Updated 12/07/2012 01:12 PM
Dutchess County budget passes by 21-3 margin
The Dutchess County budget passes within the tax cap with support from both sides of the aisle. The vote came after midnight and five long hours of debate. YNN's John Wagner breaks down what it means for taxpayers.
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POUGHKEEPSIE, N.Y. -- Dutchess County's executive says they've completed year one of a transition into tackling big issues head on. He has the 2013 budget to show for it, passing almost exactly as proposed.
Dutchess County Executive Marc Molinaro said, "This is I think the best we could put forward in the worst of economic times, and I think more importantly it does begin a multi-year effort to transform our county government."
The $409 million budget cuts spending by $2 million raises the tax levy by two percent and the effective tax rate by six. It eliminates 103 full time positions, many vacant, including 72 that took a buyout incentive earlier this year, leaving up to seven workers facing layoffs. Legislator Joel Tyner tried unsuccessfully to save the positions...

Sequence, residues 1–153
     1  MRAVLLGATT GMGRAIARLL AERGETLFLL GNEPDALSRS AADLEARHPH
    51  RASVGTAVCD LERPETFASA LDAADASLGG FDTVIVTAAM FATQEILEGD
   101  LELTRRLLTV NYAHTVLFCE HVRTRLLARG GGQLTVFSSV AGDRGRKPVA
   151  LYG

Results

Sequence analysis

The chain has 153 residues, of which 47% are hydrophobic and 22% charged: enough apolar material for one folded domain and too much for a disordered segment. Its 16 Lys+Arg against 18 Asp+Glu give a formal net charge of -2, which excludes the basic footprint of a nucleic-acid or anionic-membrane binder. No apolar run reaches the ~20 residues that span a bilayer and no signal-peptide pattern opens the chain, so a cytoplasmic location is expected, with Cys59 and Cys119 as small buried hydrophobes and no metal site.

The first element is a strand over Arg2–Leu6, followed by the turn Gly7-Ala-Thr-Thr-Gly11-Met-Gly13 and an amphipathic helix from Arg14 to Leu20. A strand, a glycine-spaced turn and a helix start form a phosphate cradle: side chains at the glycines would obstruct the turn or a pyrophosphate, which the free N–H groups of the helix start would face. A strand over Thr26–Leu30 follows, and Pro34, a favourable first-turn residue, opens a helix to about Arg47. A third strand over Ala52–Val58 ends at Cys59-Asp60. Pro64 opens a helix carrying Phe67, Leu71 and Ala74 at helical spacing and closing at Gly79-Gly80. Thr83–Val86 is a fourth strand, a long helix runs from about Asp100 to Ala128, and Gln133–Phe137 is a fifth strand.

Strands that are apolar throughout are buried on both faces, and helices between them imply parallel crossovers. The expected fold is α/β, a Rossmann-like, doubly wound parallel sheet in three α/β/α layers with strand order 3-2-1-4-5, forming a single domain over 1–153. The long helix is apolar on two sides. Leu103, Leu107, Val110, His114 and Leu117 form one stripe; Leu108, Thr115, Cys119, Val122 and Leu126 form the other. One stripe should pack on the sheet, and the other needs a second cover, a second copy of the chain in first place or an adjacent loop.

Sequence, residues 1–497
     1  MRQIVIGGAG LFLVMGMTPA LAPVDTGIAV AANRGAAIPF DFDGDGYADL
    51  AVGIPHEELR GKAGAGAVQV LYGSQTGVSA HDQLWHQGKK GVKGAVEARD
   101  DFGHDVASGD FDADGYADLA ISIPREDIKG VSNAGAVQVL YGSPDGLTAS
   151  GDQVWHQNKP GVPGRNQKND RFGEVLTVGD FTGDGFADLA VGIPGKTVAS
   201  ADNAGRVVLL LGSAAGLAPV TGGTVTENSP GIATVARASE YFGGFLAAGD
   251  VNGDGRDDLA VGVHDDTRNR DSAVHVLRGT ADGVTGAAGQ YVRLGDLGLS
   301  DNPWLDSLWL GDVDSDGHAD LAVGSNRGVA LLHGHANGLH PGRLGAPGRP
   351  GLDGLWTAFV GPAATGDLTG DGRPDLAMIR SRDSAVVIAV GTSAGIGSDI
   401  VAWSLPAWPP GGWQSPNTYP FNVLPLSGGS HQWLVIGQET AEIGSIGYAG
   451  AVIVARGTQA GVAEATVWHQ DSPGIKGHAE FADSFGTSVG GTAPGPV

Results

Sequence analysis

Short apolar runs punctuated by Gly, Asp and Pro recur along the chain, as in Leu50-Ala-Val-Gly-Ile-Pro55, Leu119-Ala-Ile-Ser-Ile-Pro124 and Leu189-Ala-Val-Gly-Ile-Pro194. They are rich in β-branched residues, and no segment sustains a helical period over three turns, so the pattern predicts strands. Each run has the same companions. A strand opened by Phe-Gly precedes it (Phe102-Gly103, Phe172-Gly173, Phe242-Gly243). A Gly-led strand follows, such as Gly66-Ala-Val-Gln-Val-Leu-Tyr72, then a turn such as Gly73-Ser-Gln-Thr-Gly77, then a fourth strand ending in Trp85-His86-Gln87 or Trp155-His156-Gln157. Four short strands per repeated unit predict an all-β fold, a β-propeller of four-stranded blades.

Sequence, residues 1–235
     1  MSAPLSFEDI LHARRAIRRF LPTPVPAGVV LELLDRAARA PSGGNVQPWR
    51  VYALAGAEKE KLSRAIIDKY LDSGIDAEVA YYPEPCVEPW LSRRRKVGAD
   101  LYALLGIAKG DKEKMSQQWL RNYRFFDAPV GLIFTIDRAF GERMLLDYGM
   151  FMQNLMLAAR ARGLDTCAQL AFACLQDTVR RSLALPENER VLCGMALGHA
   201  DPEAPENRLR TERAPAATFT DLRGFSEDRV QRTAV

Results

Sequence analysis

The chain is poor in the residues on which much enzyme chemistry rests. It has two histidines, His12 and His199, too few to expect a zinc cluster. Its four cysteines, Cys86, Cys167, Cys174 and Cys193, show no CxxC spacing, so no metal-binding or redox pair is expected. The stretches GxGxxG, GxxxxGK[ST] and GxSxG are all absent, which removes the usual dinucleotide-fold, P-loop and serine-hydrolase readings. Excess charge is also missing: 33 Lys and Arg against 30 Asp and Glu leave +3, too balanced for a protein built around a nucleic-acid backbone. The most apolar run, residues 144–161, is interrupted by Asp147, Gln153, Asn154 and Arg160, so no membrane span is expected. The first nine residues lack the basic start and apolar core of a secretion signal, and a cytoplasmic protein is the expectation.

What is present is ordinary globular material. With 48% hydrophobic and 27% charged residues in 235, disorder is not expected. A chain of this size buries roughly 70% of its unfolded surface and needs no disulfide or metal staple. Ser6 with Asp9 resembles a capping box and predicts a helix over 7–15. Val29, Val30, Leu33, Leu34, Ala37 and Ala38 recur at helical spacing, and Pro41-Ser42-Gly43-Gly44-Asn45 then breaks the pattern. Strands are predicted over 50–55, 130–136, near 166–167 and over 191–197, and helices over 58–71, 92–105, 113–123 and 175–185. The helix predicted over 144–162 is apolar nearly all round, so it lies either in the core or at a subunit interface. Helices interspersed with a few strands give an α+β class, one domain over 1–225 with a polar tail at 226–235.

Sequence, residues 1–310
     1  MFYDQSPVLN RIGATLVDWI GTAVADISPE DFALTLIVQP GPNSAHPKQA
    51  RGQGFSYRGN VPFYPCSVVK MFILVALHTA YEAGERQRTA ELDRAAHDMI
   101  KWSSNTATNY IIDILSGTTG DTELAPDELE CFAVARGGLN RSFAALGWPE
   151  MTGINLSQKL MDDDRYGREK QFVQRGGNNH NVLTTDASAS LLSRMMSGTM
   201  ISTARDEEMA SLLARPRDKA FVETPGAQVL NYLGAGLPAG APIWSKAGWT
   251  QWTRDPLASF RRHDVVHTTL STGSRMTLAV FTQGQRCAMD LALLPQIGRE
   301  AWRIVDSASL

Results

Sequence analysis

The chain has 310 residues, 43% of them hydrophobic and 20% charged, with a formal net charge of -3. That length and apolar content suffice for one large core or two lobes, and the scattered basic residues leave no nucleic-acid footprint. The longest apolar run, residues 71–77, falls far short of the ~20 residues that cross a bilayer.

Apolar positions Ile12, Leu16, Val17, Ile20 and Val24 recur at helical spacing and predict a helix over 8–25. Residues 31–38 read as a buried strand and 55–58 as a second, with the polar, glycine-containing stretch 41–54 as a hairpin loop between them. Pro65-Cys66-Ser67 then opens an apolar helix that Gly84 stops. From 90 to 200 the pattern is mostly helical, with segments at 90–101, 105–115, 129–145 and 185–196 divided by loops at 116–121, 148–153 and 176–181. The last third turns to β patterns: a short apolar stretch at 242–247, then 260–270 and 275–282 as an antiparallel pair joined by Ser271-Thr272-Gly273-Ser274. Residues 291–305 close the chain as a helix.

Dutchess County Legislator Joel Tyner said, "Ideology trumps common sense and ideology trumping the concerns of the taxpayers and the workers."
Molinaro said, "We have the smallest workforce we'll have in over 30 years, but most importantly we tried to do so in a very sensitive
The county bridged a $40 million budget gap by using its general fund, adding a new half percent mortgage recording tax, saving nearly $10 million through the workforce cuts, and another ten by capping the amount of sales tax the county shares with its cities and towns. The trickle down effect has left Beacon and Poughkeepsie moving to charge for garbage pickup, a polarizing issue, but the budget passed anyway with support from both sides of the aisle.
Dutchess County Legislator Richard Perkins said, "We all worked fairly well together this year. We're never going to have complete consensus on every issue."
The lone amendment set $2 million of sales tax in a competitive grant for cities that come up with ways to save taxpayer dollars.
Molinaro said, "We'll be the first municipality in New York State to really put our money where our mouth is and say to every level of government, we need to do more, we need to do better to consolidate, to enhance shared services and deliver a greater level of efficiency."
With one hurdle completed, much of the focus for 2013 now centers on plans for a new Dutchess County jail.